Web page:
Construction Employment Dropped in March

March construction employment dropped by 7,000, but was still 1% higher than March 2011 construction employment numbers.

The construction industry lost 7,000 jobs between February and March, following a similar decline of 6,000 the month before, but extended a pattern of modest year-over-year job increases, according to an analysis of new federal employment data released by the Associated General Contractors of America. Association officials say that lack of long-term federal highway and transit funding threatens to hold down future job gains.

“Both the small monthly change and the March-to-March gain of 55,000 jobs, or 1%, are consistent with the uneven, tentative recovery that contractors have been reporting nationwide,” says Ken Simonson, the association’s chief economist. He notes that March was the seventh consecutive month that construction employment had risen from the same month a year earlier. “Meanwhile, the industry’s unemployment rate has been dropping faster than the pickup in construction jobs, implying that workers are leaving the industry, which could cause problems later,” he says.

“Multifamily, manufacturing, distribution and energy-related construction are booming,” Simonson observes. “In addition, private hospital and university work are starting to improve, but public construction is declining, while single-family homebuilding, office and retail work are largely limited to remodeling jobs.”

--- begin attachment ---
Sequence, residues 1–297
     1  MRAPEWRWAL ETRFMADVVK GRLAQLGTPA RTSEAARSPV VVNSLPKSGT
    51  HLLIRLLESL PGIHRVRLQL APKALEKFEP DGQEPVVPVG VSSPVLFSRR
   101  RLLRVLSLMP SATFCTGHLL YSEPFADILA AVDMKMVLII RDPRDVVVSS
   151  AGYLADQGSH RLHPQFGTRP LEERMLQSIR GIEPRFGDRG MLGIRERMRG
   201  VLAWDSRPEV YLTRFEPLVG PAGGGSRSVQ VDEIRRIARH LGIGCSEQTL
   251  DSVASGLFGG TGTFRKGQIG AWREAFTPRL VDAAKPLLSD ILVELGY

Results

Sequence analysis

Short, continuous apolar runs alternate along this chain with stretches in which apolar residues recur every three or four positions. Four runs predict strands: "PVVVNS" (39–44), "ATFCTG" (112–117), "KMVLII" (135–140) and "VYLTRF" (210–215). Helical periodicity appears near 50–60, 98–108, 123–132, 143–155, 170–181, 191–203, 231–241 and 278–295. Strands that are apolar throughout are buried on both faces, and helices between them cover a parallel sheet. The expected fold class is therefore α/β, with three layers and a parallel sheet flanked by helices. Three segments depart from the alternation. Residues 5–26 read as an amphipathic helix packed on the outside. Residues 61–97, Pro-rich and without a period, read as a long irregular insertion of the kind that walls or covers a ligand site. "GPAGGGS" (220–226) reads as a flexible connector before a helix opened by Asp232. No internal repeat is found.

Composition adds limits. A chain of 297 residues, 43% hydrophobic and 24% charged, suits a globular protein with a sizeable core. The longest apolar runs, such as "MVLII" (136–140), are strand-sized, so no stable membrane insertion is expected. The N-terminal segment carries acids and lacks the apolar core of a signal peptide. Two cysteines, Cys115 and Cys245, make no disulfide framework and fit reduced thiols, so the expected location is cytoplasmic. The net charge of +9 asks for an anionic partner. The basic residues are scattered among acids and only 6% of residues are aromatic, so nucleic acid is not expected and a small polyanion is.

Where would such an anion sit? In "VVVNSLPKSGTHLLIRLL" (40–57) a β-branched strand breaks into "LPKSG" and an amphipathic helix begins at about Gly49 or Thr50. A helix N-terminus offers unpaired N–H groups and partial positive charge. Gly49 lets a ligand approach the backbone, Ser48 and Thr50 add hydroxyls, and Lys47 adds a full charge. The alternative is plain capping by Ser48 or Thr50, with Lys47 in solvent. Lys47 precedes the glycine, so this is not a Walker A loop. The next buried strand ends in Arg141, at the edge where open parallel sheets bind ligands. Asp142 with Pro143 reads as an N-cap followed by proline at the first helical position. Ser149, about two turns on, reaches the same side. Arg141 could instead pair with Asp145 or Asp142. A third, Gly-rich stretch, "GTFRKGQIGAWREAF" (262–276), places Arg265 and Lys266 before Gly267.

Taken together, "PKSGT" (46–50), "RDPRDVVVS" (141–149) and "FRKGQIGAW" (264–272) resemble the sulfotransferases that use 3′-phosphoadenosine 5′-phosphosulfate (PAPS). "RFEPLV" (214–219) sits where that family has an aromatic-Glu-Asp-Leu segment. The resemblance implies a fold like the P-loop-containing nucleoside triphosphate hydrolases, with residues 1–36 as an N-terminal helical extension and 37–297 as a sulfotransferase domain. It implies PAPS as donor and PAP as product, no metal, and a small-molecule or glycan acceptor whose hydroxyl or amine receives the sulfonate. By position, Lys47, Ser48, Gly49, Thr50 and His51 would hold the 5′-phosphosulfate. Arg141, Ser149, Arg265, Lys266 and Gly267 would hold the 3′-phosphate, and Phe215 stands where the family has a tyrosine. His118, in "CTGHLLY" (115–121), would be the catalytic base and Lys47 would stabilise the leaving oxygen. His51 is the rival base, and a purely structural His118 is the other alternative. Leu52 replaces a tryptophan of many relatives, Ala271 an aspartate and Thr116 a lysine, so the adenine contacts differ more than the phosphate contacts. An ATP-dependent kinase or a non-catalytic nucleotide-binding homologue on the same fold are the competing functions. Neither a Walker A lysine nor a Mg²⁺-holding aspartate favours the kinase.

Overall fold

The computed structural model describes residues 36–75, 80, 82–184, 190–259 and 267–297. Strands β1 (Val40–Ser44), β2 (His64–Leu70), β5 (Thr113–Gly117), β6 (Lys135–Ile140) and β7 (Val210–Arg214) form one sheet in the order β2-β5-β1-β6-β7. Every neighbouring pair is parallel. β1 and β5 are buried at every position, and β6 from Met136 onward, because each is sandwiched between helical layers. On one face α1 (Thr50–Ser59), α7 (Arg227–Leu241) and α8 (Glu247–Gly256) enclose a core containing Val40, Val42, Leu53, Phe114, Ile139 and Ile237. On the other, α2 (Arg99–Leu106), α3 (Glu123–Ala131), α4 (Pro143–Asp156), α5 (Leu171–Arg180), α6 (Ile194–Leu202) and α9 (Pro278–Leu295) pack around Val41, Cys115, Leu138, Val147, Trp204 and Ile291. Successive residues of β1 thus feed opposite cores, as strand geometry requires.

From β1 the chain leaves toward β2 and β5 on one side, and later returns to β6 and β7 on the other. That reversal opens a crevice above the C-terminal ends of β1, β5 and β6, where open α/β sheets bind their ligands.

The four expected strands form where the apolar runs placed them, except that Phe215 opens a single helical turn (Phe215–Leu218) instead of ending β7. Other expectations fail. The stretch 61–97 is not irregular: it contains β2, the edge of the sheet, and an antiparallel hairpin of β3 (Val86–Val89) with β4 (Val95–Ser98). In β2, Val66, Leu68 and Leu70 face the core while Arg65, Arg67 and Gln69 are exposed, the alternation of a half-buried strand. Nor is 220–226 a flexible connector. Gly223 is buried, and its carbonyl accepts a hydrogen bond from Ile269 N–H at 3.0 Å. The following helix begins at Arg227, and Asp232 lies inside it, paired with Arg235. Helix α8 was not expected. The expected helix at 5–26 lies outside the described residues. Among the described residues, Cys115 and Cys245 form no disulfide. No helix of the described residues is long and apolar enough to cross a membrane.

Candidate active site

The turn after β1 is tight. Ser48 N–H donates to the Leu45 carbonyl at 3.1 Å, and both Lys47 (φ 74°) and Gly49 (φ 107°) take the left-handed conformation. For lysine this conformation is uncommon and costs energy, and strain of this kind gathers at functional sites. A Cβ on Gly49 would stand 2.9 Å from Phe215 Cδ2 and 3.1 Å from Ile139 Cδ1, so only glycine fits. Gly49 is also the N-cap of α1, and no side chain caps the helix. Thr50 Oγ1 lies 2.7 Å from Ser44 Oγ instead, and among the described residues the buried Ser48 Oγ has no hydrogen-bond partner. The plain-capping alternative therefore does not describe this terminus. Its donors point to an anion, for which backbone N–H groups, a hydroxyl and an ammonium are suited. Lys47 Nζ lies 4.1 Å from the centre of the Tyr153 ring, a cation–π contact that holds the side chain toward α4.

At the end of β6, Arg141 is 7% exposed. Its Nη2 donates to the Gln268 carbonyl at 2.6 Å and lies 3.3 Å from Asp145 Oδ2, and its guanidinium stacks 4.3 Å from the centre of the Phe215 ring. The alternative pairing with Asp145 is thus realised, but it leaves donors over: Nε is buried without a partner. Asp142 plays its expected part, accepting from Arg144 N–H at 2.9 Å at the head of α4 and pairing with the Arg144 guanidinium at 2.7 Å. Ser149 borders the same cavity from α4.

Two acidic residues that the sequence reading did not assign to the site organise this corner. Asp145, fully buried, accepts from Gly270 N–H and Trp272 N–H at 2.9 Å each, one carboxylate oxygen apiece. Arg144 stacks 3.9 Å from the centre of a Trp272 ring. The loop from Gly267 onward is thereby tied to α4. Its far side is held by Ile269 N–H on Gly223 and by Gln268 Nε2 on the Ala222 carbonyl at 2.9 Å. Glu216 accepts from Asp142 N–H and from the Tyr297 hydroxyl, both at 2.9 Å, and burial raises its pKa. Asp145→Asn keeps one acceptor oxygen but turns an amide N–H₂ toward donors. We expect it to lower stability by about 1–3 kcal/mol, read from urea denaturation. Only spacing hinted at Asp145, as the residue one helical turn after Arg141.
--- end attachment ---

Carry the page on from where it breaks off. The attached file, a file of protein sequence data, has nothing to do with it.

Simonson states the construction unemployment rate in March was 17.2%, or roughly double the national unemployment rate, although the industry rate had improved from 20% in March 2011 and 24.9% in March 2010. “In the past two years, the industry’s unemployment ranks have dropped by more than 800,000,” he says. “That is good news for those who have found jobs, but unfortunately construction firms have not hired most of them. Construction employed the same number of workers—5.55 million—in March 2012 as it did in March 2010. That means construction workers are leaving the industry, either for other jobs or to retire, and contractors may have trouble finding experienced workers in the future.”

Association officials say the pickup in construction jobs is likely to remain anemic and unbalanced unless there is adequate funding for long-term infrastructure programs. They cite the continuing lack of action on a multi-year federal highway and transit bill as a particular problem.

"Just when contractors should be adding workers and getting an early start on the spring construction season, Congress has again left town leaving highway funding on another short-term extension,” says Stephen E. Sandherr, the association’s chief executive officer. “When lawmakers return this month, they should follow through on a bill with enough funding to enable contractors and state agencies to make longer-run plans.”